A Modern Yet Classic Surrealist Artist 2017-01-28T21:32:08+00:00
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A Modern Yet Classic Surrealist Artist – The Value Of Anna Chromy

A Modern Yet Classic Surrealist Artist – The Value Of Anna Chromy

By Leslie Monte R Roundforest

Anna Chromy was born in Bohemia and read in Paris, France at the Academie de la Grande Chaumiere under Maurice Mejaz, the former director of the Academie of Beaux-Arts in Caracas. She has showed in Venice’s Biennale plus many art galleries in Europe, like the Salon du Printemps in Paris and the Syra Gallery in Barcelona.

Chromy says of her art:

“I really enjoy the elaborate baroque style of my homeland, which I endeavor to show via the poetic surroundings and the sublimation of realism in my paintings. I choose for subjects living beings, including animals, rather than inanimate or abstract entities which often only tend to add to a lot of our latent doubts and curiosity. The head of a horse, a cat, or a dog can easily expose as much about our emotions as that of a human being.”

Her painting ‘Entanglement’ features the beliefs of the artist with its baroque composition mingled aided by the erotic appearance of bodies enjoying the antics of love and dance. The aluring quality of the work is noticeable in the undulating figures that are, concurrently, real and imaginary. The activity of the lovers gives way to the perspective of their performance in a marriage that is mutually cerebral and personal. Their dance turns into a dance of 4 physiques rather than simply a pas-de-deux. Surrounding these figures, Chromy has created a womb-like setting which encompasses these forms in a textural life of light and shadow.

Chromy’s art examine ideas from natural beauty and compassion to the deepest part of our sub-conscious spirit. ‘To Be Or Not To Be’ is a journey through the absolute depths of our anxieties and our dreams of death. The bare figure of a woman lies diagonally over the picture, her face turned away from us. Adjacent to her is an weightily robed figure, sitting down in thought, whose face is undetectable in deep shadow. He or she feels simultaneously existing and missing, overseeing the female’s destiny yet inaccessible. Behind him drifts the walls of a building, religious in its bristling presence. As a result of Chromy’s unique style of overcoating fresh paint on canvas, it’s possible to discover visions of faces and floating entities in each part of the painting; these types of visions can be construed by the audience in his individual unique way. She has transcended the sensual with the fearful, the recognised with the unfamiliar, to the extent that she has made a steadiness and tranquility throughout the subject theme and its meaning.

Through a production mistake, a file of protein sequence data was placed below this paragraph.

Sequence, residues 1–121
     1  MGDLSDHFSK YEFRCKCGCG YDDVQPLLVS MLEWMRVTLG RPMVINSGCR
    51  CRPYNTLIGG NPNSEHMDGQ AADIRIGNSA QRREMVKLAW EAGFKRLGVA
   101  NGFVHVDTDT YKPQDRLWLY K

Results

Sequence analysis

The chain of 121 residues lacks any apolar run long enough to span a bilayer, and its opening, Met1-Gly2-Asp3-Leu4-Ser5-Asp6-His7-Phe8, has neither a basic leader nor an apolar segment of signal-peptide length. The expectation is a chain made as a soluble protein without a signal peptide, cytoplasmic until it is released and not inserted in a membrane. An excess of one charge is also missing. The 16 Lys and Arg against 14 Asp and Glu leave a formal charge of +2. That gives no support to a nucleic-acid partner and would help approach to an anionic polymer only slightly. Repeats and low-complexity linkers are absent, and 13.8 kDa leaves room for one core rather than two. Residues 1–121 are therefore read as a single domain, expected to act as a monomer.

Her art challenges yet will never dictate; it seduces but does not envelop. The styles are carefully presented to risk interpretation. The artist never imposes meaning on the viewer; alternatively she permits us to come into the joy of her creations and ideas and to make that world our own. Chromy injects inanimate objects with life and movement and creatures often appear to adopt human sentiments, as in the horses that wander freely throughout her art – contained both in action and intensity of expression.

‘Paris on Stage’ challenges us to begin a symbolic journey through the entirety of our subconscious. Its haunting dream-like quality is enhanced all over again by her technique of adding image upon image. The torso of a girl which dominates the left-hand side of the canvas seems to be both vividly full of life and yet strangely on display, like a Greco Roman sculpture. From behind her gallops a riderless horse, similar to the ‘Lost Jockey’ of Magritte in its dream-like joumey. Below lies the metropolis of Paris, looking similar to the old household of the gods, while in the forefront an abstract image floats just like the fluid imagination and dreams of the subconscious.

Throughout Chromy’s work are interwoven such well known themes as male and female, conception and death, and yet she depicts her subjects in unusual and subtle ways.

Chromy says:

“Celebrations are like dreams, occasions of complete liberation. To appear in disguise represents to me a creative act through which I can slip away into another dimension, transforming space and time. It is in this way that we can appear in different guises as diverse and iridescent as our most intimate feelings without having to reveal ourself to others.”

Anna Chromy does not make rough drawings for her paintings. They come in an instant from the spiritual sincerity of her art. Her technique possesses a roughness, a raw beauty not attained via the overpolishing and re-doing of a piece.

Chromy’s own perspective of her art is similar to that of other visionary or surrealist artists in her desire to share with the viewer her distinct world. “Every human being should therefore analyze my pictures like they effect his inner thoughts and not try to study me through my pictures. To see produces inner expression whose awakening of the conscious self distinguishes man from other creatures.”

Leslie Roundforest majored in History of Art at the University of Brighton. She specialised in surrealist artists especially Dali, Miró and Magritte. More recently she has developed an interest in the European surrealist painter and sculpturess, Anna Chromy. She now teaches students on the significance of Chromy’s and other Surrealists’ work and the culture of Europe portrayed in them. For more information see the Anna Chromy website: https://www.annachromy.com